As a profession, we can do a great deal more for the least among us. But women are not the least among us—women are half of us, and there is considerable evidence that biomedical research is not serving them well [8, 11]. That concern drove the 2014 research symposium called Sex Differences in Musculoskeletal Disease and Science, which was cosponsored by the Association of Bone and Joint Surgeons®, the parent society of Clinical Orthopaedics and Related Research ®. We are proud to present selected papers from that symposium in this issue of CORR ®.

We have covered this topic before [7]. Our editors work with the authors of each paper we publish to determine whether subanalyses by sex and gender are appropriate, and, when appropriate, to frame each paper’s discussion in the context of this important topic. The contents of this month’s sex-differences symposium in CORR ® demonstrate not only that it is possible, but also why it is so necessary to evaluate sex and gender in orthopaedic research. This month’s Editor’s Spotlight paper evaluates the impact of gender on a topic that may not come right to mind as we think about orthopaedic outcomes: How men and women experience disability differently after war injuries.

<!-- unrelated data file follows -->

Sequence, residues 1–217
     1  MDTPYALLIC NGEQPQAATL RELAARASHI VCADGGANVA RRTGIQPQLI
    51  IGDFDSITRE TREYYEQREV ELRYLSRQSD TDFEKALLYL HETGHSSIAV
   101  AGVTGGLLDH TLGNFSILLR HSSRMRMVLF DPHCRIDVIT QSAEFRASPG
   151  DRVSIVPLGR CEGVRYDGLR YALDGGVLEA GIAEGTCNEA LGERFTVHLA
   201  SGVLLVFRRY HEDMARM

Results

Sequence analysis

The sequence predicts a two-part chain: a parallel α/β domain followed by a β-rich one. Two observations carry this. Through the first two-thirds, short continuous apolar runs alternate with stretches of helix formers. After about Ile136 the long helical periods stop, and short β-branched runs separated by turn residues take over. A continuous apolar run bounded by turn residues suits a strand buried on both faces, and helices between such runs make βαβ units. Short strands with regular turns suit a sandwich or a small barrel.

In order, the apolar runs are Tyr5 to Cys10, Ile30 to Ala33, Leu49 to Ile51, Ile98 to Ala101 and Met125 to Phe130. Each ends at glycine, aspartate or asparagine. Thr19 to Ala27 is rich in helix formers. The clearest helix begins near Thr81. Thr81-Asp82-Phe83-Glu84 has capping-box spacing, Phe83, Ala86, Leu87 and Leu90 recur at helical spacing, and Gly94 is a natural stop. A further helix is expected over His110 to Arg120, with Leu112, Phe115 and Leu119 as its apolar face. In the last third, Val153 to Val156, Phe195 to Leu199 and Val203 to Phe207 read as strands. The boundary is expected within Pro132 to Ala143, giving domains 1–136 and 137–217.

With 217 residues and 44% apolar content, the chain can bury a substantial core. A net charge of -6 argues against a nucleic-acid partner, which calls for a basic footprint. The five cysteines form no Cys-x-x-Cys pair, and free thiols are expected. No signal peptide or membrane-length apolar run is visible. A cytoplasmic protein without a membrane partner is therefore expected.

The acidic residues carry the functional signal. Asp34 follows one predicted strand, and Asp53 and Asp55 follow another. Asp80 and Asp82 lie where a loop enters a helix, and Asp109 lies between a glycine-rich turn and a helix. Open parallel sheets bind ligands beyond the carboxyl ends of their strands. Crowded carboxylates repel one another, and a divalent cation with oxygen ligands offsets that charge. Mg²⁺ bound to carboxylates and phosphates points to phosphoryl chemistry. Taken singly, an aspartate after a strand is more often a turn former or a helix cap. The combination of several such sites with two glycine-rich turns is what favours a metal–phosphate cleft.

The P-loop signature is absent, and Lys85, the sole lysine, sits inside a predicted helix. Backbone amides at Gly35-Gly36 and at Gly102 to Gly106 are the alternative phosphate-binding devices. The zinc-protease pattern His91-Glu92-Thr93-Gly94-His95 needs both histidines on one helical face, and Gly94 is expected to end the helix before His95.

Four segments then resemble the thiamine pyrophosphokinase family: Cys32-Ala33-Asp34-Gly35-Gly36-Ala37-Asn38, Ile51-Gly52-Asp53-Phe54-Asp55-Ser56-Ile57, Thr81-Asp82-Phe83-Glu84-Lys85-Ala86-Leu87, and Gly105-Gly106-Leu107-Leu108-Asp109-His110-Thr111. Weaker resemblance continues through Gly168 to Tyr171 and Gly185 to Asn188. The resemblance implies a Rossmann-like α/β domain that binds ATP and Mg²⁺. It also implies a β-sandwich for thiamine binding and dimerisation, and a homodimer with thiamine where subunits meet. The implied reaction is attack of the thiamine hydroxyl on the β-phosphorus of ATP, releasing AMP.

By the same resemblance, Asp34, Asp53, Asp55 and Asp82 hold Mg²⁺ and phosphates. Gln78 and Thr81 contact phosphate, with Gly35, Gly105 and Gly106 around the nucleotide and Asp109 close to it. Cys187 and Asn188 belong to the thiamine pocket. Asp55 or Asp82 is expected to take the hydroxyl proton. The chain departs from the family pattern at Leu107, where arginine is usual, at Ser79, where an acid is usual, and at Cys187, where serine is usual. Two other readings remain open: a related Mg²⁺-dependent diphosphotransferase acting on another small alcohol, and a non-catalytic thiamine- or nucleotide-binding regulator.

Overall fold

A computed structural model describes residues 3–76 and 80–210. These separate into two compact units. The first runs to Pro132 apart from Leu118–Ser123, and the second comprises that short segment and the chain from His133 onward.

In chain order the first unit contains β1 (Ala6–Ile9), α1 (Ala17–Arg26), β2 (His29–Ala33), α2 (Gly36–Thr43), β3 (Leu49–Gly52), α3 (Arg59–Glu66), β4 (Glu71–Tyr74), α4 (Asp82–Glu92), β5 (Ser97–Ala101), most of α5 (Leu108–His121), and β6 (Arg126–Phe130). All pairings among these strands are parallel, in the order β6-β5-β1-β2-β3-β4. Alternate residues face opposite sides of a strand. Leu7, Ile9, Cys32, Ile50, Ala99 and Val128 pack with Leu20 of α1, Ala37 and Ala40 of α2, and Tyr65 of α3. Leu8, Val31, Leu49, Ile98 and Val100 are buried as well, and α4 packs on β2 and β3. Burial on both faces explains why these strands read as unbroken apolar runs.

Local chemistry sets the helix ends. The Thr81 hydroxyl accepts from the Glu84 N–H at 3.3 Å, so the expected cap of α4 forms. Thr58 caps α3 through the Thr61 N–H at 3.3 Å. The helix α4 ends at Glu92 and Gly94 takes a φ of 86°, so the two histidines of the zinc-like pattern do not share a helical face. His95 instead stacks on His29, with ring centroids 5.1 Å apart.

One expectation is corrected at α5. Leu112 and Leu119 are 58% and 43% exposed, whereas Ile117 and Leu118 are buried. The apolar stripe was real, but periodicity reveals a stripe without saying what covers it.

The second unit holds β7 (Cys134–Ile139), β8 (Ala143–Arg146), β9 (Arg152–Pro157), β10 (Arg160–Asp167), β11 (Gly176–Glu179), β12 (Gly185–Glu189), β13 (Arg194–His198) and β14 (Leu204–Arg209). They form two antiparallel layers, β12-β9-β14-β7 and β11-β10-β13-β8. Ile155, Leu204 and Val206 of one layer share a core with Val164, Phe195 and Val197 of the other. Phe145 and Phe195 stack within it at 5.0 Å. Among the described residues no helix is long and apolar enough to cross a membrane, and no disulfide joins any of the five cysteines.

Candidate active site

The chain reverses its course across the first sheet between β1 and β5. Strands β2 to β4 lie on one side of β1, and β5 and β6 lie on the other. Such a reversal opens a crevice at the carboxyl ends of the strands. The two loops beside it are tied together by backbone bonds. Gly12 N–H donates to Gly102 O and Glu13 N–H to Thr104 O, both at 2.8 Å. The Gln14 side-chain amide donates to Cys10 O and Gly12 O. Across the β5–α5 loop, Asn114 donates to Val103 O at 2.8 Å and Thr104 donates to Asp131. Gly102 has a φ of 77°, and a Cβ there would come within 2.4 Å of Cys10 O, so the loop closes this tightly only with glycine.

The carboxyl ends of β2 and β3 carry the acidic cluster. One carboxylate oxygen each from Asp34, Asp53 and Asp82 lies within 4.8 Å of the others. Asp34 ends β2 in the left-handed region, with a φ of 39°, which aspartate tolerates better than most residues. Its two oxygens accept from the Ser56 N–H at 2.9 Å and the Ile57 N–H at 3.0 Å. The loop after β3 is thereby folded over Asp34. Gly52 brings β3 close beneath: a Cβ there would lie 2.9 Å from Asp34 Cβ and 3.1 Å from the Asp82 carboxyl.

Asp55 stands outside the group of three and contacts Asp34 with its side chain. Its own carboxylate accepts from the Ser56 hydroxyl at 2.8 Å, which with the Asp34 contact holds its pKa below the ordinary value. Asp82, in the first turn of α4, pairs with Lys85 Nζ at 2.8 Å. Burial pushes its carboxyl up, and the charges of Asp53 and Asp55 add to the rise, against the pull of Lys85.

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Jessica C. Rivera MD.

The history of orthopaedic surgery has not been written in ink, but rather in the blood of conflicts past. Sadly, we continue to update that history. As blood continues to be spilled in ongoing conflicts around the world, we continue to learn hard lessons about trauma care from them. Nearly 100 years ago, World War I made clear that even short delays in resuscitation after severe injury substantially increase the risk of death [13]. More recent conflicts helped clarify the best approaches to caring for patients with battlefield amputations [1], as well as the often-devastating functional and emotional sequelae of these injuries [2]. We continue to improve the care of patients with some of the most common orthopaedic injuries—such as open fractures—based on lessons learned during wartime [5]. This topic is both so foundational and so current that CORR ® will run a symposium called “Lessons Learned after a Decade of War” next month.